Double-duty Design Makes Sense
As technology evolves and business concepts change, the traditional office is becoming a thing of the past. I’m living proof. Give me a cell-phone, a car and a laptop (oh, and a large latte, please), and the world is my workplace.
My client, Phyllis, is another example of this paradigm shift. After ditching the corporate world a year ago, she started a business out of the living/dining room of her small downtown loft. The commute was painless and the view was great, but somehow she was more stressed than ever.
Her once-tranquil home had gradually morphed into a big jumble of boxes, wires and papers. With work intruding into her personal space, she had nowhere to relax, enjoy a meal — or host her famous martini parties.
I wanted to give Phyllis a space that would function as an inspiring, efficient office by day and an inviting, relaxing home by night. To do it, I would apply the principle of double-duty design: creatively using space and furnishings so that they perform more than one role.
The loft had great bones: soaring ceilings, 8-foot windows and exposed brick. I left those intact and focused on maximizing the small space to create the perfect balance of beauty and function.
I started by getting rid of furnishings that were too large for their surroundings. To provide privacy but still celebrate the arched windows, I put up sheer, floor-to-ceiling, remote-control blinds. I mapped out the room into two separate zones that would flow together harmoniously: an office and a lounge.
In the office space, I used the backdrop of an exposed brick wall for a long dresser that mixes a light, wood-lami-nate top with Phyllis’ existing dark cabinets below, now sprayed an airy white. When designing a double-duty space, no large piece of furniture should have only one function. Phyllis can use the dresser’s top as a work surface and the storage underneath for both office supplies and for clothing.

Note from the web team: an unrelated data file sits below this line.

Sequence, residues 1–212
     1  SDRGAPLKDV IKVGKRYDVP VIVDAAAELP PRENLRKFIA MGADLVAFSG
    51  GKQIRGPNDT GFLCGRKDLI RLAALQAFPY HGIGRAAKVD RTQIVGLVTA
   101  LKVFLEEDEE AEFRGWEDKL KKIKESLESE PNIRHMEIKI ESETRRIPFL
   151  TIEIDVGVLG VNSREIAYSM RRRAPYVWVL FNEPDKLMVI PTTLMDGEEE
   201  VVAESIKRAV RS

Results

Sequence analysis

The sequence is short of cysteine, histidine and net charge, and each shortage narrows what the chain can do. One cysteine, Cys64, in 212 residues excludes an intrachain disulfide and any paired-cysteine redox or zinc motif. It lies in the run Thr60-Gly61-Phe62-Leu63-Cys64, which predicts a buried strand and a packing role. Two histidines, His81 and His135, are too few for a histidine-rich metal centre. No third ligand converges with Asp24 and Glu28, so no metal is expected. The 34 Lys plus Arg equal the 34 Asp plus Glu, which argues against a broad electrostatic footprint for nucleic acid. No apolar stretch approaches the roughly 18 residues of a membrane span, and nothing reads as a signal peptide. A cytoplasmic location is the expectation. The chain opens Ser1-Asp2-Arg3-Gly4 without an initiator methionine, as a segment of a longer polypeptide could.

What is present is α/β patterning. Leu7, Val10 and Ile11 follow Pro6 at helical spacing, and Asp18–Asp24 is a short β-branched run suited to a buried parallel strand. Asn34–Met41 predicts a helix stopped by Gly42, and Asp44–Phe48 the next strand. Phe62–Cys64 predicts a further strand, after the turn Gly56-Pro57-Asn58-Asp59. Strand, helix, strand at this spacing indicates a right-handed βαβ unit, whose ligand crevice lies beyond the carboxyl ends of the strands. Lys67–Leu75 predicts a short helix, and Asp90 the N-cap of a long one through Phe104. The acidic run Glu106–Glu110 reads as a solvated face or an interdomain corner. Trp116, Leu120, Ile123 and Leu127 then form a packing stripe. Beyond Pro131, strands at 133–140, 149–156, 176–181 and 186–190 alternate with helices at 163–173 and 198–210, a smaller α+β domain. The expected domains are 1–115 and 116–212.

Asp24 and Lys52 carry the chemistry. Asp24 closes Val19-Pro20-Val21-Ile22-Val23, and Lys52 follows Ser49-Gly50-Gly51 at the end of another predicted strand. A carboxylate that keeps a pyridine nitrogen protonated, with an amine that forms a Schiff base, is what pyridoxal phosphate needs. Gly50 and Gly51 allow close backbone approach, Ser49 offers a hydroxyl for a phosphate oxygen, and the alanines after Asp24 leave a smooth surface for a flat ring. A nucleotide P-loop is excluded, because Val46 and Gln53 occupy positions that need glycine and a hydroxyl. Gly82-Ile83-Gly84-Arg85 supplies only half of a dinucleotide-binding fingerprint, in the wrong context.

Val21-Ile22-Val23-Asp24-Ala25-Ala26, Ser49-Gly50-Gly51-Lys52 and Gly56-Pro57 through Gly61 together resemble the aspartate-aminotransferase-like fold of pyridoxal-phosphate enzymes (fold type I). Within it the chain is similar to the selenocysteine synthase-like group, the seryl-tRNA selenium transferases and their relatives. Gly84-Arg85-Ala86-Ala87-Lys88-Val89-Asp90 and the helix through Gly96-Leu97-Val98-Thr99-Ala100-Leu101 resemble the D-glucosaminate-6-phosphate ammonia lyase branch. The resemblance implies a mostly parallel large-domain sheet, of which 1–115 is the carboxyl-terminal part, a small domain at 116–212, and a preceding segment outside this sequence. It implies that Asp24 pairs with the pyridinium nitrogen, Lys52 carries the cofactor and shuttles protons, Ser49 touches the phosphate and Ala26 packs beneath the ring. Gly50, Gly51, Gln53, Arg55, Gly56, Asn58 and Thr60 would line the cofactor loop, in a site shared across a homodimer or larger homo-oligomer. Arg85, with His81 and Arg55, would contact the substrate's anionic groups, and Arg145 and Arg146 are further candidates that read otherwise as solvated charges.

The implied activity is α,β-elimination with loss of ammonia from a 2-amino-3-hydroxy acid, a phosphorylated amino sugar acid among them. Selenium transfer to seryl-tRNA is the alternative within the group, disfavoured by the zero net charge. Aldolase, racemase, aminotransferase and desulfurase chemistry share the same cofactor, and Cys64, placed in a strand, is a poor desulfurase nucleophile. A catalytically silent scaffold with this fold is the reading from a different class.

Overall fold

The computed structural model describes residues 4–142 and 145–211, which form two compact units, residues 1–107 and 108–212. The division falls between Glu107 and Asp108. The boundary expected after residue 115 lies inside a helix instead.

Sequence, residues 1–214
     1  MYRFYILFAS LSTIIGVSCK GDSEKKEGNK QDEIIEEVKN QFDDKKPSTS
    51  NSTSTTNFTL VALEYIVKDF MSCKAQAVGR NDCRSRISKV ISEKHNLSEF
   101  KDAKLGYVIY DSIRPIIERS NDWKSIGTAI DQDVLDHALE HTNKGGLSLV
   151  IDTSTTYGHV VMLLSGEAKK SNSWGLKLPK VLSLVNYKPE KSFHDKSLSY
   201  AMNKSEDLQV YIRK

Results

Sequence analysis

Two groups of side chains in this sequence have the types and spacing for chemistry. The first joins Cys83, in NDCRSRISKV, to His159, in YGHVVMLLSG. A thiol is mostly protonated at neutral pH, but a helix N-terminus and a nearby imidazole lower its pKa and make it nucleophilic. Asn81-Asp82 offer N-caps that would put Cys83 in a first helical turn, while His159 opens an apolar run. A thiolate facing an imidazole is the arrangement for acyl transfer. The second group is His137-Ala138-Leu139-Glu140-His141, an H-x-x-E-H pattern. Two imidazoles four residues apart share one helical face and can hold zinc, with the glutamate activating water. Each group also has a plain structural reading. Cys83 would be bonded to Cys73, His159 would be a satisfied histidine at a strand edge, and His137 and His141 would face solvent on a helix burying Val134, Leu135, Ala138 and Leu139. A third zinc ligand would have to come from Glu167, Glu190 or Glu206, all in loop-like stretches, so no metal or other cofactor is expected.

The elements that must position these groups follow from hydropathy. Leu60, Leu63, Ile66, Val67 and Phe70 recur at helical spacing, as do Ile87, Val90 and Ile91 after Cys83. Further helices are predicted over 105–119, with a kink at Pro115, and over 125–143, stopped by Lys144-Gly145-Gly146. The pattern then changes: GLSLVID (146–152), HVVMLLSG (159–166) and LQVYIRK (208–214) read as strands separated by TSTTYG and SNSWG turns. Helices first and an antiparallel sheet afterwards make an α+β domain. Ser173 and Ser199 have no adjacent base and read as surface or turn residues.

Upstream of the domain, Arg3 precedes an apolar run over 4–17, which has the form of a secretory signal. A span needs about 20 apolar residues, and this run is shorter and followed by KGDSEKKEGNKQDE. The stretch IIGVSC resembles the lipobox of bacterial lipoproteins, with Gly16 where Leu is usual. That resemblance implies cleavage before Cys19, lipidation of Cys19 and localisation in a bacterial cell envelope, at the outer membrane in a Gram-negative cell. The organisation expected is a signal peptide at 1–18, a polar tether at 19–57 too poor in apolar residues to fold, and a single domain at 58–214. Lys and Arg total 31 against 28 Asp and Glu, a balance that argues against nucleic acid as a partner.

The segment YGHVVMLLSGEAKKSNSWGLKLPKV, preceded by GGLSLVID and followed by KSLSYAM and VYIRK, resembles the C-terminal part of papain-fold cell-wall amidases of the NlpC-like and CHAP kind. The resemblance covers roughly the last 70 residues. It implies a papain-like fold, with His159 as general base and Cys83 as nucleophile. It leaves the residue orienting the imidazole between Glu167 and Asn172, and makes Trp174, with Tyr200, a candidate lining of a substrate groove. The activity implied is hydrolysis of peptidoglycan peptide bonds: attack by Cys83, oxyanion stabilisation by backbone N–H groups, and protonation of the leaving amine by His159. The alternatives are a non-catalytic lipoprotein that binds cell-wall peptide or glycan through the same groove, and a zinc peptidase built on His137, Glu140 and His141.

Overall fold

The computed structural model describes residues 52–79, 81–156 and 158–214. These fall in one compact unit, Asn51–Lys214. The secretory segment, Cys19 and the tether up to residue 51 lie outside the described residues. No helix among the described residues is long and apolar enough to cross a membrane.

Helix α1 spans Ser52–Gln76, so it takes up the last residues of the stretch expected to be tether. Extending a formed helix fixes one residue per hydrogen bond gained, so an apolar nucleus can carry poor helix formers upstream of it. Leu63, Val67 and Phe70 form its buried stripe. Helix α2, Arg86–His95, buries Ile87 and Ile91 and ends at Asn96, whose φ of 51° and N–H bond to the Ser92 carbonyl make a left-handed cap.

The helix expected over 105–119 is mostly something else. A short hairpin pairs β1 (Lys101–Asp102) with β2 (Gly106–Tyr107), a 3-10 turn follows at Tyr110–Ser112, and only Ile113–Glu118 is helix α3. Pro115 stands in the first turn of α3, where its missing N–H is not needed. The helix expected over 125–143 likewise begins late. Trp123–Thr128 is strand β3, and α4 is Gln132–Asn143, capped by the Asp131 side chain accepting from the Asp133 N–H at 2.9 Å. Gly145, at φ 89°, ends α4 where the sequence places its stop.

To one side of the dresser, I incorporated a large work desk and added a modern white leather chair. On the other side, I brought in a large storage cabinet that I fronted with beautiful wallpaper for the look of custom cabinetry.
For the lounge area, I picked a sectional sofa in a latte-colored linen that really maximizes the seating space. The back cushions can be removed so the sofa can double as a comfy guest bed. Across from it, I created a sitting corner with a gorgeous charcoal velvet chair, metallic lamp and end table.
In the loft’s center, I worked in a round tilt-top table and chairs that can be used for daytime business meetings or intimate evening dinners. It folds away when Phyllis needs extra room for entertaining. To showcase the beautiful soaring ceiling, above the table I centered a dramatic light fixture comprised of 150 light-as-air shimmering metallic balls.
To further separate the two areas, I installed a counter that holds a large, dual-purpose monitor on a swivel. When turned toward the living room, it functions as a TV; but when facing the office, it is perfect for media screenings and presentations.
I then added a host of accents and accessories — mirrors, lamps and artwork — and the space was complete.
This messy loft wasn’t conducive to working or living. But by maximizing Phyllis’ space via double-duty design, it is now ready for work, play — even martini parties.
Interior decorator Candice Olson is host of HGTV’s “Candice Tells All.” For more ideas, information and show times, visit www.hgtv.com/candice-tells-all/show/.